However, many Yale students use their summers to study abroad, pursue summer research, or work low-paying and unpaid internships. Most students pay for these opportunities through their International Summer Award (ISA), Domestic Summer Award (DSA), and fellowships, which can cover the cost of travel and living expenses for the study abroad, research and internship programs they are engaged in. See our page on Opportunities of Interest for FGLI Students to learn more about available opportunities.

Many students find that working just a few additional hours each week during the year can cover much of the expected Student Summer Income Contribution. Students might also work extra hours for Yale Spring Salvage, graduation, or other special events to help make up the difference.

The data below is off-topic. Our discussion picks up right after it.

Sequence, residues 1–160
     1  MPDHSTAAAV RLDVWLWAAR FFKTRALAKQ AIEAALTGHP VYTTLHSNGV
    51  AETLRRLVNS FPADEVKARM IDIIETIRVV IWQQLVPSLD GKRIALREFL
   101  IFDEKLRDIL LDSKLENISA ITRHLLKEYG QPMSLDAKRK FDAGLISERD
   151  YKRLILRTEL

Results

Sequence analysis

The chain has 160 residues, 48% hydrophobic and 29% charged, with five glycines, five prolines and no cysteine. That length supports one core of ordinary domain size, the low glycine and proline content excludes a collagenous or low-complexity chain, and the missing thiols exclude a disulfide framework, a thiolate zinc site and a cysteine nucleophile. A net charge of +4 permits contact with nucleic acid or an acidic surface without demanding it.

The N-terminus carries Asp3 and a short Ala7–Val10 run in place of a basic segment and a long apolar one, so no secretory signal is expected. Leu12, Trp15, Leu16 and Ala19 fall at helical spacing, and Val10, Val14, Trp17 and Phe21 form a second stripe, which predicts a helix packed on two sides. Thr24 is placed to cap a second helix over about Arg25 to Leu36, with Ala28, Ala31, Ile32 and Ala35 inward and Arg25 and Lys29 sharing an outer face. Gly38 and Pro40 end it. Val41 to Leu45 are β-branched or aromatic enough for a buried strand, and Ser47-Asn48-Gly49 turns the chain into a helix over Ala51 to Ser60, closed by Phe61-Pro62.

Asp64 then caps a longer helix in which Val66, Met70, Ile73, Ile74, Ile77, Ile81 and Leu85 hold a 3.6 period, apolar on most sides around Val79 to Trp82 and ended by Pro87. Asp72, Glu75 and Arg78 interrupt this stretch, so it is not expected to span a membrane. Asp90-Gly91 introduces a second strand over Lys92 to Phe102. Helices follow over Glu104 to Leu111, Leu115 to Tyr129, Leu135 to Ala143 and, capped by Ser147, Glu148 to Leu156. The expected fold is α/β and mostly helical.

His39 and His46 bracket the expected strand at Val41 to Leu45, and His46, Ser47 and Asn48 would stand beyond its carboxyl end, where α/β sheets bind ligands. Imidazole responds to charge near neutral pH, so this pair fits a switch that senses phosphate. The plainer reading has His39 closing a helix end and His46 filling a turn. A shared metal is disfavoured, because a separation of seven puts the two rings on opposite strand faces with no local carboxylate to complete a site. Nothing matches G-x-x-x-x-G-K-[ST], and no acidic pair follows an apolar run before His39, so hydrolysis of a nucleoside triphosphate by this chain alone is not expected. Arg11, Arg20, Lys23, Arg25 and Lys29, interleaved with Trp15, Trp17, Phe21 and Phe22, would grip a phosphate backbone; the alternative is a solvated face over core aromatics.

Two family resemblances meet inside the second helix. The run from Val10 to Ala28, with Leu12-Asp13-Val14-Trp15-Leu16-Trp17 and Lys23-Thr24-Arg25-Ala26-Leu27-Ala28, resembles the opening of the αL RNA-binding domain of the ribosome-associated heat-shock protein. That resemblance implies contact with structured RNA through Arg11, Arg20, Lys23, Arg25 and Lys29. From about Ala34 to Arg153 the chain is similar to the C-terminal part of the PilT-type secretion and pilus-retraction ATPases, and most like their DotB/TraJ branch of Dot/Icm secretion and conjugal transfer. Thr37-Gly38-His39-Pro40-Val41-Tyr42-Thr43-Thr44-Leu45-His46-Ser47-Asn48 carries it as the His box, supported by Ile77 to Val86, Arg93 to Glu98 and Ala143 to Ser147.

Outside scholarships can also help; Yale Financial Aid suggests these scholarship resources. Keep in mind that relevant scholarships will appear throughout the school year, and you may want to spend some time during October break to prepare materials so you can be ready when a scholarship is announced. Also, it’s better to apply for scholarships well before their deadlines, as some scholarships are awarded on a rolling basis.

Finally, some students may decide to take out a small student loan when it is extremely difficult to earn income over the summer and term-time earnings can’t quite cover the shortfall.